The Ice Warriors were originally conceived by writer Brian Hayles as Vikings with cybernetic implants. But the production team were looking for a more obvious new monster, especially since they were no longer able to use the Daleks. Terry Nation had taken his metal villains to the USA, hoping to make an original TV series. So the Ice Warriors became armoured reptile men and visually they are undoubtedly impressive, with their height, scaly carapaces and blank eyed helmets. Their hissing voices and lumbering gait made them easy for children to imitate too. However they lack personality. Varga and his troops are just a bunch of military thugs, who order people about and threaten to kill people, but don’t have much of a plan or motivation, let alone a sense of humour. Despite being the last of their race, they don’t have any sense of tragedy. Their return appearances would give their race a bit more depth, especially when they became the Third Doctor’s allies in Curse of Peladon but here they only add to repetitive feel to this story.

It’s an unusually strong guest cast with quite a few familiar faces. Peter Barkworth was a respected leading man from Sunday night dramas like The Power Game as well as a theatre grandee. As the straight-laced Clent he gives a memorable if slightly actory performance full of facial tics and a prominent limp. It’s decidedly odd at first to see a young Peter Sallis after years of watching Clegg in Last of the Summer Wine but he’s fine as the clever, cynically humorous scientist Penley. He’s similar to the Doctor in some ways, but shot through with stubborn pride that puts others at danger. But he’s not as unreliable as Storr, a luddite survivalist who befriends Jamie and Penley but later tries to serve the Ice Warriors too. He’s played by professional Scotsman Angus Lennie, later better known as Shuggie the chef in Crossroads.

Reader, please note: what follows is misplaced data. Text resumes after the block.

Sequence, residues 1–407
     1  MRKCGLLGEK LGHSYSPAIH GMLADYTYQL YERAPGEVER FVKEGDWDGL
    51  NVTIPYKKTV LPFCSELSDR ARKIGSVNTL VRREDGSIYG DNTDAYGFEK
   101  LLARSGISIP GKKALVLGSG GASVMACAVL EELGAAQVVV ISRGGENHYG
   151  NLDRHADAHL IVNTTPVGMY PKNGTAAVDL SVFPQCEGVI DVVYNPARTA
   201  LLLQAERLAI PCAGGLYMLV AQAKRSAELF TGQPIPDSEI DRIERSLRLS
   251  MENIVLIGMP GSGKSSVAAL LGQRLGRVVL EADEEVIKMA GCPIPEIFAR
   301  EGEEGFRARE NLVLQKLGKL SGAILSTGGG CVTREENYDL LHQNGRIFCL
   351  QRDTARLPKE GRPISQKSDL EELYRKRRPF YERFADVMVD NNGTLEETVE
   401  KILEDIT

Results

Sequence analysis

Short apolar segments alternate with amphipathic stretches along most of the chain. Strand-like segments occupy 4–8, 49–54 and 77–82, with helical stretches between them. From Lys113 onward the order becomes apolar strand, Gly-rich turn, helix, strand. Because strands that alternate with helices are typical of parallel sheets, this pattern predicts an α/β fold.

There’s a reasonable array of extras. Cold Fusion is the cheerful making documentary in which surviving cast and crew look back warmly at filming the series, whilst Bernard Bresslaw’s son recalls his dad’s pleasure at being cast in such an unusual role and visiting him on set. Meanwhile Beneath the Ice interviews the animators at Pup Ltd about recreating the missing episodes with 2D computer animation, and the challenges of working from a set of stills and a sometimes unclear soundtrack. The animation is on a par with their creditable work on another incomplete Second Doctor adventure The Moonbase. They have also animated a BBC trailer from 1968, where only the soundtrack still exists.

Clips from the 1968 Blue Peter Design a Monster Competition have been used in other DVD extras but here is the unedited version, with classic line-up of John Noakes, Valerie Singleton and Peter Purves. Delightfully the BBC kindly made the winning pictures into actual monster costumes. So the Blue Peter studio is invaded by the Steel Octopus, the Hypnotron and the Aqua-Man, in costumes which whilst childish, are not a hundred miles away from aliens which actually appeared in 60’s Doctor Who. What is most striking about these clips is the school atmosphere, a far cry from today’s matey, talking to the children on their level, version we have now. At one point Valerie even tells the viewers how “disappointed” she is by the entrants who copied their monsters from comics.